Rory Kay, a long-time United Airlines captain who until recently served as the top safety official with the Air Line Pilots Association, fears the aviation industry is suffering from “automation addiction.” In a 2011 interview with the Associated Press, he put the problem in stark terms: “We’re forgetting how to fly.”

What the aviation industry has discovered is that there’s a tradeoff between computer automation and human skill and attentiveness. Getting the balance right is exceedingly tricky. Just because some degree of automation is good, that doesn’t mean that more automation is necessarily better. We seem fated to learn this hard lesson once again with the even trickier process of automotive automation.

*UPDATE (7/7): The Times reports: “Experiments conducted last year by Virginia Tech researchers and supported by the national safety administration found that it took drivers of [self-driving] cars an average of 17 seconds to respond to takeover requests. In that period, a vehicle going 65 m.p.h. would have traveled 1,621 feet — more than five football fields.”

After math

Will Davies cuts through the prevailing emotionalism in dissecting the Brexit vote:

The Remain campaign continued to rely on forecasts, warnings and predictions, in the hope that eventually people would be dissuaded from ‘risking it’. But to those that have given up on the future already, this is all just more political rhetoric. In any case, the entire practice of modelling the future in terms of ‘risk’ has lost credibility, as evidenced by the now terminal decline of opinion polling as a tool for political control. …

In place of facts, we now live in a world of data. Instead of trusted measures and methodologies being used to produce numbers, a dizzying array of numbers is produced by default, to be mined, visualised, analysed and interpreted however we wish. If risk modelling (using notions of statistical normality) was the defining research technique of the 19th and 20th centuries, sentiment analysis is the defining one of the emerging digital era. We no longer have stable, ‘factual’ representations of the world, but unprecedented new capacities to sense and monitor what is bubbling up where, who’s feeling what, what’s the general vibe. …

As the 23rd June turned into 24th June, it became manifestly clear that prediction markets are little more than an aggregative representation of the same feelings and moods that one might otherwise detect via twitter. They’re not in the business of truth-telling, but of mood-tracking.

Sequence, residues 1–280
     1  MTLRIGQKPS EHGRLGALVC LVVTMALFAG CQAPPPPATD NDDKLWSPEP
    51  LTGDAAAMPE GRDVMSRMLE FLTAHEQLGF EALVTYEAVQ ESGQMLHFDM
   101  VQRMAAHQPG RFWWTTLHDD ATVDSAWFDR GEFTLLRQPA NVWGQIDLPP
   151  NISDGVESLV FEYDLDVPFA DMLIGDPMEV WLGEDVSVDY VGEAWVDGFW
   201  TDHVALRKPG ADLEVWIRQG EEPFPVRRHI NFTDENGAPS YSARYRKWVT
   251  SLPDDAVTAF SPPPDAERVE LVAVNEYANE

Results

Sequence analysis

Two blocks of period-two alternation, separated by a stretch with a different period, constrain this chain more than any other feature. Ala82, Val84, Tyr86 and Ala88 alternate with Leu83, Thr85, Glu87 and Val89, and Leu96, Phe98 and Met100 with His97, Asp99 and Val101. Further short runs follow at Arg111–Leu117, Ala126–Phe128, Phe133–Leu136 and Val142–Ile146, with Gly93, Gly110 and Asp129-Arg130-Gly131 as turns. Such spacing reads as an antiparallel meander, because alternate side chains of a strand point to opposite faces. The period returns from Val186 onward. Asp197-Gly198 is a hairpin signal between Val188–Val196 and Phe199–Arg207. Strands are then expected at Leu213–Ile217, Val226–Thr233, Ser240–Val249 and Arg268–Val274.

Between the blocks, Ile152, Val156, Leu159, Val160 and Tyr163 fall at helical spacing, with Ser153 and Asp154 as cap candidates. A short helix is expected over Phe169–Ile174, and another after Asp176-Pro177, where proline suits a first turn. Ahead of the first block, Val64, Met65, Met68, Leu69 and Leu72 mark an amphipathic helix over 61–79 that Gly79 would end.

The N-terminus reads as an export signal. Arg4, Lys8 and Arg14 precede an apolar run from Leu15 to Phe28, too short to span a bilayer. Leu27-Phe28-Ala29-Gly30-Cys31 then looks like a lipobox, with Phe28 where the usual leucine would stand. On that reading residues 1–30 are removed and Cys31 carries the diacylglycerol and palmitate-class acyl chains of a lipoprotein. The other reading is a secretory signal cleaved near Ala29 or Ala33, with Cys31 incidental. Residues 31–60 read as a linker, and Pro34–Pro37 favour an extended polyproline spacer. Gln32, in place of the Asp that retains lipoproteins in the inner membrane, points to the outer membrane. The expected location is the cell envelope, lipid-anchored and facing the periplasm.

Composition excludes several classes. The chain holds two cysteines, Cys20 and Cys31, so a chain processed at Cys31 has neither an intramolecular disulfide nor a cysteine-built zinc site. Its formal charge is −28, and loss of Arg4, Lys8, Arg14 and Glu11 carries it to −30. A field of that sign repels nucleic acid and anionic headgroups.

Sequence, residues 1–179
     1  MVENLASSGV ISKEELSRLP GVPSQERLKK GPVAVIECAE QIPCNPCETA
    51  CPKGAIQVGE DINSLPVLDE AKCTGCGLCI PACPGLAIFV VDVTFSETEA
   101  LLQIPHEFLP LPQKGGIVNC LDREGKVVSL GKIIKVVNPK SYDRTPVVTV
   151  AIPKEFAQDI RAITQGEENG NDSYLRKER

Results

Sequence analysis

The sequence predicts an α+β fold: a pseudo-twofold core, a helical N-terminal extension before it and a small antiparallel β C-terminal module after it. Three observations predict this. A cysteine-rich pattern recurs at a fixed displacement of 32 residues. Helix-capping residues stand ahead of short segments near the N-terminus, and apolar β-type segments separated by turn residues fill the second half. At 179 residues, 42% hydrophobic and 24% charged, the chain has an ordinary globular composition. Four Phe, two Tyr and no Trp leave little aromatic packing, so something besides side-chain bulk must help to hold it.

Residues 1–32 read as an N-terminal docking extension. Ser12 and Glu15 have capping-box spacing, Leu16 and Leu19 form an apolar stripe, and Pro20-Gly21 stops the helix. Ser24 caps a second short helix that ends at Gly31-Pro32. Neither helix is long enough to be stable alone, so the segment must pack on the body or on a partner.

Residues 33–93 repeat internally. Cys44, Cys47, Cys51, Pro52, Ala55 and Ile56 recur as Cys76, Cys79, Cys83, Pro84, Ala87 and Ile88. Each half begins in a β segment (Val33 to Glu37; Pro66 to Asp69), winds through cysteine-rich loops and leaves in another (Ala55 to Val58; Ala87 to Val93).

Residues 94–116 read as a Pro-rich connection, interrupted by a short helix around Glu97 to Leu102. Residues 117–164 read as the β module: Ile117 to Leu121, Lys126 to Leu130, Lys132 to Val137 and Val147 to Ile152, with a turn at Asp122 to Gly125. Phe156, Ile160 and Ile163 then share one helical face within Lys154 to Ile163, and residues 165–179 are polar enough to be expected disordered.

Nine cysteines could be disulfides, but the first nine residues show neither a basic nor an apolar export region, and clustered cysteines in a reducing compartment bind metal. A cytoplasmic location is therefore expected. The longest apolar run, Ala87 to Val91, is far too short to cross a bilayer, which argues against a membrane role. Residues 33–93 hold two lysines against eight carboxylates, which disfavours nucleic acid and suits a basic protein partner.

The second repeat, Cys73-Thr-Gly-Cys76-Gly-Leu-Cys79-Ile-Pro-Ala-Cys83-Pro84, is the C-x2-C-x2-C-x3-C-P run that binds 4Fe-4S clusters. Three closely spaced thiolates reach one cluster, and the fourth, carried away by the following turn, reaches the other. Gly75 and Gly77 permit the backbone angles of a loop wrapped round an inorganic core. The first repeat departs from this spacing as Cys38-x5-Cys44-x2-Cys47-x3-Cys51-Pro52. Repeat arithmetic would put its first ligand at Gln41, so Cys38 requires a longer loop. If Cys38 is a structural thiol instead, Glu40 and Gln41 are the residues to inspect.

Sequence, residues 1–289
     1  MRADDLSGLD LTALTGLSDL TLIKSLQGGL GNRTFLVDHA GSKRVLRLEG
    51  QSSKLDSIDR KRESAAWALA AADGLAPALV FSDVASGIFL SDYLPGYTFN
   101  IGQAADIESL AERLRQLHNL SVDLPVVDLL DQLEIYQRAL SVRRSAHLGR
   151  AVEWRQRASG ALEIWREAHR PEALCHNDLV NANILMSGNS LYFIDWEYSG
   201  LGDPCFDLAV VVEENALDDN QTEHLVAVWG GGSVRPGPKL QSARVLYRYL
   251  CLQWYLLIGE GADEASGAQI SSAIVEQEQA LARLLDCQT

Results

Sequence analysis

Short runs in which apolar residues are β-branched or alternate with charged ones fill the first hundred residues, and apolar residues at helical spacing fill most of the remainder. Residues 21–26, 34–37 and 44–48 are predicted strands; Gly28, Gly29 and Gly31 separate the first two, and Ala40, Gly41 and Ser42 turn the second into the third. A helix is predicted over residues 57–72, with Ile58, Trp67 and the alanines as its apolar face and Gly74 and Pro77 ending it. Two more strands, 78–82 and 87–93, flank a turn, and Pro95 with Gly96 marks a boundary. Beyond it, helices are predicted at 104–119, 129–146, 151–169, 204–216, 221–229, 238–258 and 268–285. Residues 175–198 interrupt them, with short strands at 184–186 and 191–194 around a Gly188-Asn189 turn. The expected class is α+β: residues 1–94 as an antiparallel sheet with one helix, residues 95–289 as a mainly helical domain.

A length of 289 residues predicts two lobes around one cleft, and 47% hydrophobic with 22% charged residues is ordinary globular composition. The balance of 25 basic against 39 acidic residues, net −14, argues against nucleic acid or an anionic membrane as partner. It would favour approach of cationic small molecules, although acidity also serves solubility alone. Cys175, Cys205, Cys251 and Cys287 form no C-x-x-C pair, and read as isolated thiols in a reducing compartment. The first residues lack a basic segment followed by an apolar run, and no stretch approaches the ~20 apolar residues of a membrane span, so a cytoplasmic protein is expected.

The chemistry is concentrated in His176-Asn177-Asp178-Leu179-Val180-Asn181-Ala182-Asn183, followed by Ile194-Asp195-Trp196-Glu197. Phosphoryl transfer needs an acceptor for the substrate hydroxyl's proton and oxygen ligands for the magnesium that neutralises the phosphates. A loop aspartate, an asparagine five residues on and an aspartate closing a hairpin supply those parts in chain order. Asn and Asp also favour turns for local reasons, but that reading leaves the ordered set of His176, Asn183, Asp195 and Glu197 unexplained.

The global village of violence

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We assume that communication and harmony go hand in hand, like a pair of flower children on a garden path. If only we all could share our thoughts and feelings with everyone else all the time, we’d overcome our distrust and fear and live together peaceably. We’d see that we are all one. Facebook and other social media disabuse us of this notion. To be “all one” is to be dissolved — and for many people that is a threat that requires a reaction.

Eamonn Fitzgerald points to a recently uploaded video of a Canadian TV interview with Marshall McLuhan that aired in 1977. By the mid-seventies, a decade after his allotted minutes of fame, McLuhan had come to be dismissed as a mumbo-jumbo-spewing charlatan by the intelligentsia. What the intelligentsia found particularly irritating was that the mumbo jumbo McLuhan spewed fit no piety and often hit uncomfortably close to the mark.

Early on in the clip, the interviewer notes that McLuhan had long ago predicted that electronic communication systems would turn the world into a global village. Most of McLuhan’s early readers had taken this as a utopian prophecy. “But it seems,” the interviewer says, with surprise, “that this tribal world is not very friendly.” McLuhan responds:

The closer you get together, the more you like each other? There is no evidence of that in any situation that we have ever heard of. When people get close together, they get more and more savage and impatient with each other. [Man’s] tolerance is tested in those narrow circumstances very much. Village people are not that much in love with each other. The global village is a place of very arduous interfaces and very abrasive situations.

Instantaneous, universal communication is at least as likely to breed nationalism, xenophobia, and cultism as it is to breed harmony and fellow-feeling, McLuhan argues. As media dissolve individual identity, people rush to join “little groups” as a way to reestablish a sense of themselves, and they’ll go to extremes to defend their group identity, sometimes twisting the medium to their ends: